The levels are ridiculously gigantic, too, full of branches and hidden collectibles. The game is challenging enough on its own, but if you really want to test your mettle, you’ll want to seek these out. Unfortunately, though, there’s little REASON to find the collectibles. While you do earn stars for how well you do in a level, it’s not hard to get all the stars that you need even just doing a straight play through. Even worse, the big collectibles are the consolation prize of the video game world: concept art. There are more difficult modes to unlock, but they’re the same levels, and I’d have been much happier if they had built some kind of challenge levels to unlock in place of seeing concept art of how the blocks break.

With the simple tools that you have at your disposal, though, the developers have crafted some incredibly intricate and challenging levels based around these rules. It’s a very engaging experience, actually, and you can easily get caught up in a great flow as you swap worlds, bounce on enemies, and dodge all kinds of crazy obstacles. Some of the levels are so difficult that it’s taken me minutes to even hit the first check point, but the controls are good enough that I don’t feel like it’s something cheap. I’m actually very impressed: after how floaty and bad a lot of Giana Sisters DS seemed to be, the developers have done a better job of making this game feel a lot better. It almost feels like we’re watching them learn how to develop better games with each new iteration, and I’m hoping they continue down this path of making really difficult old-school platformers like this, until eventually this series becomes synonymous with stupidly difficult gameplay and level design.

While they’ve done a lot to improve on the series’ past iterations, there are also a lot of rough edges in this game. There are certain platforms that only exist in on dimension, for example, but the shimmering outline they have can often be too opaque for you to realize they’re not actually there. I’ve also had my character get stuck somewhere that I couldn’t get out of until she randomly died.  Even little things, like the character’s hair animations and the bounce that accompanies the dimensional shifts, are a little too abrupt or odd looking, and could use some smoothing. Enemy hit boxes also seem a little small, and there were a few areas where my sound effects completely cut out—while that gave me a chance to just chill with the awesome music, it’s also a little rough.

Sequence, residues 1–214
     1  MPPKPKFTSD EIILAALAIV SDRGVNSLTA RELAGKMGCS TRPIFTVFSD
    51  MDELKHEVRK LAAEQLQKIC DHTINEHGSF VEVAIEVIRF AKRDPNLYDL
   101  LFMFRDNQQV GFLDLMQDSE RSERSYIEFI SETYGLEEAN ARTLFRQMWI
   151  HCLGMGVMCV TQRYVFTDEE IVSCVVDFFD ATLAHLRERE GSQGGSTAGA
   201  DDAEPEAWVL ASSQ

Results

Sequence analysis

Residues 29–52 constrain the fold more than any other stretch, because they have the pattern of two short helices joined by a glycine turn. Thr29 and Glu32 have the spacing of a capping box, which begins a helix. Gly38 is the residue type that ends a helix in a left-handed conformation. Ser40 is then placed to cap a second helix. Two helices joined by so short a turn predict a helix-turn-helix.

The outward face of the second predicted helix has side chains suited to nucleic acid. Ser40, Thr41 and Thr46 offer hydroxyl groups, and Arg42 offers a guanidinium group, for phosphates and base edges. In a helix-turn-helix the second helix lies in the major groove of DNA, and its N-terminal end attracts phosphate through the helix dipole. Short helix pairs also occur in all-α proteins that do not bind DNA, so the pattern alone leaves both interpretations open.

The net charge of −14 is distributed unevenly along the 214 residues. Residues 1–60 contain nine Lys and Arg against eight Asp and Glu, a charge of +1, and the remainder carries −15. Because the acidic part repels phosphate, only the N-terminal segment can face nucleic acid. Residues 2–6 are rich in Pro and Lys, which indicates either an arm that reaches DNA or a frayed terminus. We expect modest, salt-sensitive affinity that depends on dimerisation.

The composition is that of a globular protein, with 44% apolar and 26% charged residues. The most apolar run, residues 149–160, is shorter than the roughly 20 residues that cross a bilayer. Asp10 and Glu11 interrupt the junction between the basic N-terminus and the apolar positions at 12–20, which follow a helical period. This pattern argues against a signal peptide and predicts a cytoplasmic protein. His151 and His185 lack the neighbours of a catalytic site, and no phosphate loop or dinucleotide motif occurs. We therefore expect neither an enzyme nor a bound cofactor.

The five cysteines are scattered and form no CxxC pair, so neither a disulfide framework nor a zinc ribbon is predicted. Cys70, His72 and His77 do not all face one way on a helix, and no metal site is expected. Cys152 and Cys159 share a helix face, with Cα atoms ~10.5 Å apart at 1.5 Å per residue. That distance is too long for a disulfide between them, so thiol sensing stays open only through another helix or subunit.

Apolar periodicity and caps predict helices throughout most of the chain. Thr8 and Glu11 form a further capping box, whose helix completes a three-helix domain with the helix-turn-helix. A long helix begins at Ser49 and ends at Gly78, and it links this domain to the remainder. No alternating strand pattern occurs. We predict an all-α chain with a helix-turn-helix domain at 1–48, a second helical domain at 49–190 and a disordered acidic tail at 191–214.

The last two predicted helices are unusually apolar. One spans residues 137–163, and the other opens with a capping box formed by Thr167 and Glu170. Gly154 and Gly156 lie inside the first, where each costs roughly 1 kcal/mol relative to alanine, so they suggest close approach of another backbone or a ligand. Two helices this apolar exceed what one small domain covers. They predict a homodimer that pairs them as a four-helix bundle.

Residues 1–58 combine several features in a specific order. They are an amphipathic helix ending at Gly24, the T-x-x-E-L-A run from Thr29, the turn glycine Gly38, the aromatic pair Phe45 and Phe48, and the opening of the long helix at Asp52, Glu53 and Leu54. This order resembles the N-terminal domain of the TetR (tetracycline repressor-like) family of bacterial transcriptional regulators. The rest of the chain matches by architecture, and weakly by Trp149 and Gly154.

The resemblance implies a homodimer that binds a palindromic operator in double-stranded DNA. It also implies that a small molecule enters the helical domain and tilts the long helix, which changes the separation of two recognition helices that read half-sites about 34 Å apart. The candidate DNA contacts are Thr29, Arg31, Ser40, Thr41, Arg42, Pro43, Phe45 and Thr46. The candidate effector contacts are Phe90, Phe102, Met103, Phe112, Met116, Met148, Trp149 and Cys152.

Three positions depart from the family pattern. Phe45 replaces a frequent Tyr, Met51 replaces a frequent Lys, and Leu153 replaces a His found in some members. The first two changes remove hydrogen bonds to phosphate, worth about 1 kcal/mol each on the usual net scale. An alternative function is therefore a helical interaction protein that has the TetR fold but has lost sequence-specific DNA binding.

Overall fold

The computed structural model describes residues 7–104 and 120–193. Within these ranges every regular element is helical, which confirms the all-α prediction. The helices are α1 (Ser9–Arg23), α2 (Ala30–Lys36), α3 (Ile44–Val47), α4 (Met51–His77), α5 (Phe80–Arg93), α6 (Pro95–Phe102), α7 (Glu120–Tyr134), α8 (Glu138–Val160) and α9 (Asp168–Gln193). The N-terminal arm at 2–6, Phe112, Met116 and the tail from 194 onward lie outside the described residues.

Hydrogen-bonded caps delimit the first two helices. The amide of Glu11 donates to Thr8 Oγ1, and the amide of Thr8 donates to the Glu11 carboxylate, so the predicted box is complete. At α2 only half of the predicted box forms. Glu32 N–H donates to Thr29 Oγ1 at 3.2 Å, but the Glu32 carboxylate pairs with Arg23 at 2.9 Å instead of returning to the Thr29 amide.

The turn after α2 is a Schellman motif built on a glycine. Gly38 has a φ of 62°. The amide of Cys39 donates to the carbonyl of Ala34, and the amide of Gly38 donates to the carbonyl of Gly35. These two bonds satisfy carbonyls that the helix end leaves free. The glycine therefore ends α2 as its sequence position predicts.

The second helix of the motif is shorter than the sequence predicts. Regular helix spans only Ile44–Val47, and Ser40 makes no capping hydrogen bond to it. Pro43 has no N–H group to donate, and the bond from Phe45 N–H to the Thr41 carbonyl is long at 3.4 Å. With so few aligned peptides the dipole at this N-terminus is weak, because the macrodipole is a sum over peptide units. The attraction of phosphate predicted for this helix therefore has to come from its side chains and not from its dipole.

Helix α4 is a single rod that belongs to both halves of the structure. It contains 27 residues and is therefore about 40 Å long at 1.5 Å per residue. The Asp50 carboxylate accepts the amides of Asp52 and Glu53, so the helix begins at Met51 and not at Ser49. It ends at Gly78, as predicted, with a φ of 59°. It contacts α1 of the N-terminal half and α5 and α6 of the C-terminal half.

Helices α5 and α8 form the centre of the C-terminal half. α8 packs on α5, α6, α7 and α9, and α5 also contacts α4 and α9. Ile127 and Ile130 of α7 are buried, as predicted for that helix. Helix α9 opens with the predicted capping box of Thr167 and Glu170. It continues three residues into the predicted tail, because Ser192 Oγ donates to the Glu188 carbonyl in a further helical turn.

Additionally, while the controls are usually pretty tight, they’re mostly good when you’re moving very quickly and bouncing through the level. If there’s a spot where you have to slow down and take out a specific enemy, the control suddenly starts to feel floaty and imprecise. I can forgive a lot of these accidental deaths, since there’s little penalty, but it’s still annoying to have to restart from a checkpoint because of an environmental quirk.

And while I think the world itself looks good, I kind of hate the design of the characters. Punk and Cute Giana are these weird moppets with floaty hair and giant heads designed around the easiest clichés. It’s especially bad on the box art, though, with Cute Giana’s wide-open dead-eyed gaze, her mouth spread in an unending shriek of some sort, popping into my head at times. It haunts my dreams. I haven’t slept in days.

Art and glitches aside, Giana Sisters: Twisted Dreams is a surprisingly enjoyable platformer, and the developers have done a lot to breathe life and personality into a series that was never really allowed to live in the first place. Some of the rough edges are to be expected from a Kickstarter funded game, but it still got in the way of my experience in places. That said, as I finished each level, I always had a feeling in the back of my mind, saying “You know what? I think I’d like more of that.” And if that’s not a good feeling to have about a game, I don’t know what is.